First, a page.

Pharmacy U

3 top safety tips for small pharmacies

Safety
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For many small pharmacies there’s no such thing as the “lazy, hazy days of summer.” This time of year is as busy or busier than any other, which makes staying on top of safety a business imperative.

Save yourself time and effort with WSPS’ Small Business Centre.  “It helps you understand the key pieces of a health and safety program,” says WSPS Consultant Kirsi Henry. “Then it provides you with the tools and resources to develop your program.”

These three suggestions from Kirsi can help small pharmacies at any stage of developing their health and safety program:

  1. Download the Safety Checklist. It covers core elements of a health and safety program, so completing it gives you a sense of possible gaps in your program and what’s needed to stay on track. Choose from one of three checklists, depending on the size of your pharmacy (1-5 employees, 6-19, or 20-49) and use the results to put together an action plan.
  2. Train your worker health and safety representative. A knowledgeable health and safety representative (HSR) will provide tremendous value to your business. While HSR training is not mandatory, it makes sense for HSRs to understand their role in supporting a health and safety program through hazard identification and recommendations to the employer. An effective HSR will strengthen your internal responsibility system. Find information and online HSR training in the Small Business Centre’s http://www.wsps.ca/SmallBusinessCentre/Overview.aspx “H&S Rep & Inspections” section (Safety Road Map for 6-19 employees).
  3. Identify hazards and higher risk jobs or tasks. This allows you to put together a plan and allocate resources where they’re needed most, so you can minimize the risk of injury and disruption. Depending on the variety of services provided, your pharmacy may have any of these six common hazards in addition to other hazards which may be specific to your operations:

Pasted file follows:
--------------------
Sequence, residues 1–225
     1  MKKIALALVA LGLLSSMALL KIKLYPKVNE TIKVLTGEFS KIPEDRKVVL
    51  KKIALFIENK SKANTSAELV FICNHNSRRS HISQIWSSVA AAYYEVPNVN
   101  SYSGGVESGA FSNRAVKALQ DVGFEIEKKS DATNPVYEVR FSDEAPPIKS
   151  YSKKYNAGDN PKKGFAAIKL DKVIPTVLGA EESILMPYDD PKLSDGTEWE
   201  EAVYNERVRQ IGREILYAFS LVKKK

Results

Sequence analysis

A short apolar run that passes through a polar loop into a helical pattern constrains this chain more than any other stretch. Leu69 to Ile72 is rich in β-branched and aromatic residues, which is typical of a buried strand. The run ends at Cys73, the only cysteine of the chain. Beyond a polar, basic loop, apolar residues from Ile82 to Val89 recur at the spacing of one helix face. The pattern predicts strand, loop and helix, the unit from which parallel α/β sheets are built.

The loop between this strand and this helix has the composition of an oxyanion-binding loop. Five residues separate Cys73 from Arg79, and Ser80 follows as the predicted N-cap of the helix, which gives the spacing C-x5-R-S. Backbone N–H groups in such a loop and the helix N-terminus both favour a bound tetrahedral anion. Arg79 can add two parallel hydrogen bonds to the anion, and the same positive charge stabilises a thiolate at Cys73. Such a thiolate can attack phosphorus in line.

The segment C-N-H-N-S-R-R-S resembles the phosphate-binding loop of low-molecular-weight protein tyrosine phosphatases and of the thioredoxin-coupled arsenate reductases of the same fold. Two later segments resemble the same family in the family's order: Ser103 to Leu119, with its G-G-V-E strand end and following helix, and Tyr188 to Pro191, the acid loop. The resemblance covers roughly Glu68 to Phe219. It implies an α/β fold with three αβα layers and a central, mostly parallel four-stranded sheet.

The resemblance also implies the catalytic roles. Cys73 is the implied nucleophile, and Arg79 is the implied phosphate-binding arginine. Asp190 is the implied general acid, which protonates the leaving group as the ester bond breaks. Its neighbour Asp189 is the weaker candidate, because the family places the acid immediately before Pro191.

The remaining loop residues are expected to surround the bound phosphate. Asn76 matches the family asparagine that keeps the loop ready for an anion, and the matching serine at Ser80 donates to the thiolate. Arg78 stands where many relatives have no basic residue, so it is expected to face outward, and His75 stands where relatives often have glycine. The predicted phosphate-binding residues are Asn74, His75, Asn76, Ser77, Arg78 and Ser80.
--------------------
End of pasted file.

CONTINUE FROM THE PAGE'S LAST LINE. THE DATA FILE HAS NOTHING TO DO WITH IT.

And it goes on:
• biological (bacteria and viruses)
  • chemical (cytotoxins, teratogens and allergens)
  • musculoskeletal disorders (moving and lifting inventory)
  • physical (psychosocial abusive customers, excessive work load)
  • safety (wet floors, working from ladders, robbery)

Hazards can be controlled at the source (through elimination, substitution or isolation), along the path, or at the worker (e.g., training and personal protective equipment). Not sure how to assess hazards? Find a hazard assessment tool in the Small Business Centre. Click on “Hazards” under the Safety Roadmap for your company size.

Here’s a sampling of other resources you’ll find at WSPS’ Small Business Centre:

  • duties and responsibilities video
  • first aid kit requirements checklist
  • orientation training checklist
  • training tips for workers
  • WHMIS information
  • workplace inspection checklist
  • workplace violence and harassment policy templates

Start saving time. Check out the Small Business Centre http://www.wsps.ca/SmallBusinessCentre/Overview.aspx for simple safety solutions and for questions, call the WSPS Duty Consultant at 877-494-WSPS (9777).